Forum topic

8 posts / 0 new
Last post
Daphne Broadhurst
Repositioning a single lumen PICC

Would like to hear what others are doing/would recommend for repositioning of a single lumen PICC placed too deep (immediately after post-insertion CXR). Would you cut the catheter & replace the leg/hub so as to prevent a longer external length (rationale: the less external catheter, the smaller the risk of migration) or leave the catheter intact with a longer external length (i.e., 10cm) (rationale: catheter integrity remains intact, thereby reducing the risk of crbsi)? Thanks in advance for any replies.

Gwen Irwin
We don't use Groshong

We don't use Groshong catheters, so we don't have the option of cutting the external catheter, therefore we do have a longer external length.  We have not experienced any risk of increased CRBSI with this practice.

Gwen Irwin

Austin, Texas

I would not cut the external
I would not cut the external hub off and apply a repaired hub. In my opinion, this presents a greater risk than having a small length external to manage under the dressing. Lynn

Lynn Hadaway, M.Ed., NPD-BC, CRNI

Lynn Hadaway Associates, Inc.

PO Box 10

Milner, GA 30257


Office Phone 770-358-7861

Glenda Dennis
I leave the guidewire in for
I leave the guidewire in for my cxr, maintain a sterile field with 4x4's over and under the catheter and my drape in place, take the cxr, read my cxr, and make any adjustments necessary before putting the hub on.  I use ultrasound to check the IJ before calling for the cxr.  This is all facilitated by doing as many PICC's as possible in radiology so cxr is readily available.  Works great if you can do it.  Radilogy likes to get the procedure revenue.  Of course, I can't handle patients this way if they are in ICU or isolation.  Takes a bit longer if cxr has to come to my patient.
rivka livni
If the catheter needs to

If the catheter needs to come out more the 3cm, we exchange to a shorter one.

Kathy Kokotis Bard Access

Kathy Kokotis

Bard Access Systems

Most pull back anecdotally.  Re-x-ray after pull back.  It depends on how deep and how much left out in order to exchange.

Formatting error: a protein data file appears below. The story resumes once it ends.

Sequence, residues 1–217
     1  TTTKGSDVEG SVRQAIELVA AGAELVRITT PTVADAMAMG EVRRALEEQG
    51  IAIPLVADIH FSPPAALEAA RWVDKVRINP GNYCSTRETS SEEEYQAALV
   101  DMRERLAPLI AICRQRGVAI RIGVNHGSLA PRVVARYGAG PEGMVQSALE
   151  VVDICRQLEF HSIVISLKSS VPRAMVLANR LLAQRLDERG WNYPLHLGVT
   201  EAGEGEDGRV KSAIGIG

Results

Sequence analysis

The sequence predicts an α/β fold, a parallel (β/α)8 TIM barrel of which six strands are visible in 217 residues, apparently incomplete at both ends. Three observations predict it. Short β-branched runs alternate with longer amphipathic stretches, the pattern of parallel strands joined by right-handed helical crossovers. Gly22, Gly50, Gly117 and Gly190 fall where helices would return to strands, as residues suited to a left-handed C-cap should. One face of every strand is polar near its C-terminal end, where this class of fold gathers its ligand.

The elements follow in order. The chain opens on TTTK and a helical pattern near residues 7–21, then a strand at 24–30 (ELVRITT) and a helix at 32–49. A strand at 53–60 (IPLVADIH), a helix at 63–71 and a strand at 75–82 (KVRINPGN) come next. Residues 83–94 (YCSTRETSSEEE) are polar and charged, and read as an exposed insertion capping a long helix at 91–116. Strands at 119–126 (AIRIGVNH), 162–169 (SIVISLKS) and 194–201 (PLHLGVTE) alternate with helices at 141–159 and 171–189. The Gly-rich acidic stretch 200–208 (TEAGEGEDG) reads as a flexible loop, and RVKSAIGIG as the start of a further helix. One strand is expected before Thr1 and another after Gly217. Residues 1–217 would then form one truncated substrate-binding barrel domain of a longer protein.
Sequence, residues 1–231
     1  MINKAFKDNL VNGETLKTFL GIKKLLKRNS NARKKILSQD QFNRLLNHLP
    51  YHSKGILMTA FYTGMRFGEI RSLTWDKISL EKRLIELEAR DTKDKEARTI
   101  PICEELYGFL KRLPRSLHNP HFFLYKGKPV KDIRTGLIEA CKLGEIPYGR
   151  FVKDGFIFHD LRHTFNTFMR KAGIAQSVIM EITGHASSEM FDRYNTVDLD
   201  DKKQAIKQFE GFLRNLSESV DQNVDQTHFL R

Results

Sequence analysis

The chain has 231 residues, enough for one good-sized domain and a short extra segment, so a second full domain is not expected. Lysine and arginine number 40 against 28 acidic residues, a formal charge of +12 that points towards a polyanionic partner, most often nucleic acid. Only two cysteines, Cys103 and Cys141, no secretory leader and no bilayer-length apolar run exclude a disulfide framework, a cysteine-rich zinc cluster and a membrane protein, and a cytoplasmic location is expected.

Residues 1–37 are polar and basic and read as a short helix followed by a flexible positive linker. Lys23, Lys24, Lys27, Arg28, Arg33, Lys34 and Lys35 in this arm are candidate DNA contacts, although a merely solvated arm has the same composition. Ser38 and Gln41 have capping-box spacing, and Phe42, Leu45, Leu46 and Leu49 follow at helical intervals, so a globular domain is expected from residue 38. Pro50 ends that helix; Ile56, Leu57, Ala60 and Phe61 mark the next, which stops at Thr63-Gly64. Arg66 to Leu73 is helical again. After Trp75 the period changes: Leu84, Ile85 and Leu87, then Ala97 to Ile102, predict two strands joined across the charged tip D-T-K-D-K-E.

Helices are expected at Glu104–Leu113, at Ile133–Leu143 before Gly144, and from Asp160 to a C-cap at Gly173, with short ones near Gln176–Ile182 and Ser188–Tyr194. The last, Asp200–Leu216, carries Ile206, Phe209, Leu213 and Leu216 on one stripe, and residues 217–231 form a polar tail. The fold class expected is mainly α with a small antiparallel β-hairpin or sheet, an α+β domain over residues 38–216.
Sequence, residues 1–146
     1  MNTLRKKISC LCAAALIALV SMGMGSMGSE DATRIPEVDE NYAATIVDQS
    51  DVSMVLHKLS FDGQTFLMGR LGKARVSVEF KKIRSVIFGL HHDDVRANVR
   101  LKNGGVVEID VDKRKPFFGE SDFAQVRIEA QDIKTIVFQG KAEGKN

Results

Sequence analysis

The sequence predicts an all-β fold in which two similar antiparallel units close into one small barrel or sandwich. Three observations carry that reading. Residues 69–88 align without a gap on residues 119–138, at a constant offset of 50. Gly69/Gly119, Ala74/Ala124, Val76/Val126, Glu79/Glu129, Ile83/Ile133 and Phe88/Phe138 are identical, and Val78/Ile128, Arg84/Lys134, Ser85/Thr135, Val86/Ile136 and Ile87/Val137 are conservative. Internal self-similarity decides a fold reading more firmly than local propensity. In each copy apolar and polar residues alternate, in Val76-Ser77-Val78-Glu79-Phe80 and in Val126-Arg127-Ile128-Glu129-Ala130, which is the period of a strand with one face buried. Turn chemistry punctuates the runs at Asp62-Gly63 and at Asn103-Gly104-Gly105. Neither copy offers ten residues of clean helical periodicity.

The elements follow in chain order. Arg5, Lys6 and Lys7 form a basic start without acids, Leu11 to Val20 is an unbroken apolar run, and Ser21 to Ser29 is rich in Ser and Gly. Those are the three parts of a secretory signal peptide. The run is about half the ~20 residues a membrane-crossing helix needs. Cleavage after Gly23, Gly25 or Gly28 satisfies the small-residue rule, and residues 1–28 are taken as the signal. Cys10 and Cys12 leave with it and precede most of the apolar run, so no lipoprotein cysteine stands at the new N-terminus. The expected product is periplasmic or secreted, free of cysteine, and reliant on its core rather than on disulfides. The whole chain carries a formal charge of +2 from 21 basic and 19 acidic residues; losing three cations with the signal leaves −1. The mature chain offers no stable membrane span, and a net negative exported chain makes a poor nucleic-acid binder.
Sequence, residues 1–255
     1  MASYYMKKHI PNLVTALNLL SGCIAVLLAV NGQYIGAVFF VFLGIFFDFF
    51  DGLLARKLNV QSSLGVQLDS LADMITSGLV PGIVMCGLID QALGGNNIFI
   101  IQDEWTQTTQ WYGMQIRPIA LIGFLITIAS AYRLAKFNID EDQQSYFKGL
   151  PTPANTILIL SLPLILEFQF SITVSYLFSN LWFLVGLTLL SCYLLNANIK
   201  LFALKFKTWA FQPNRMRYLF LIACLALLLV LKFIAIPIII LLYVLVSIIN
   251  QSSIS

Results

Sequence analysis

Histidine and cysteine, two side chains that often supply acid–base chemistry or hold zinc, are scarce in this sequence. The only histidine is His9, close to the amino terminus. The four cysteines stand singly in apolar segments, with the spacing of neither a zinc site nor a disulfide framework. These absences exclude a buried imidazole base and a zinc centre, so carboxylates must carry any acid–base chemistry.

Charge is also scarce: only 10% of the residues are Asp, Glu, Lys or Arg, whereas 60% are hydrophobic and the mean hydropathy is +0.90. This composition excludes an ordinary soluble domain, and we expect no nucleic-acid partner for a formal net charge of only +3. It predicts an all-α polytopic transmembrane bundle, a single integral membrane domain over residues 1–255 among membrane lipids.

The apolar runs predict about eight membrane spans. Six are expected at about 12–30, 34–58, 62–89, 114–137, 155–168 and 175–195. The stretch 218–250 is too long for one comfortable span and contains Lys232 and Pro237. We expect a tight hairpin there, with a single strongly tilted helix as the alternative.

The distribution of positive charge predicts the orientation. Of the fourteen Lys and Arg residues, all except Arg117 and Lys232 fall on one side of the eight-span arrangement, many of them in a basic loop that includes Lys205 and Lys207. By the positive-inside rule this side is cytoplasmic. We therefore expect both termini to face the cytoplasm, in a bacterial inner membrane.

As far as radiology gets revenue on PICC line insertions they do not.  There is no reimbursement for a PICC line done in IR even by a doctor for the hospital that is.  PICC lines should never be placed in an IR setting if it can be avoided as it is a high cost to the healthcare system.  Patients are primarily based on "DRGs" today for reimbursement so there is no reimbursement for any central line placed on an in-patient including a port.  PICC LINES do not belong in the IR I suggest looking at your facility payer mix.

Kathy Kokotis

Bard Access Systems

I would like to know what

I would like to know what others are charging for picc exchange. If I do a picc exchange at time of insertion say for a too short of catheter, do I charge my regular picc insertion charge? do I add a picc exchange charge? If I do a picc exchange a couple days later, do I charge a picc exchange? If I'm unable to thread the catheter all the way, I make a referral to radiology & they do a picc exchange & they have a separate charge for picc exchange. Should I be using the same picc exchange charge as our radiology dept?



Use of ECG guidance during

Use of ECG guidance during placement would avoid the need for chest x-ray altogether. As I've posted on other threads, there is close to 100% correlation between ECG guidance and echocardiographic tip location (see while there is only 80% correlation between chest x-ray (our current "gold standard" !) and echocardiography (and only about 60% between surface landmarks and echo). It's faster (saves 30-60 minutes / procedure since there's no waiting for an x-ray), less expensive (about $21.00 total per procedure), works with any open ended catheter with a non-insulated guide wire from any manufacturer and gives immediate feedback so you can leave the bedside knowing you are in proper position.

Log in or register to post comments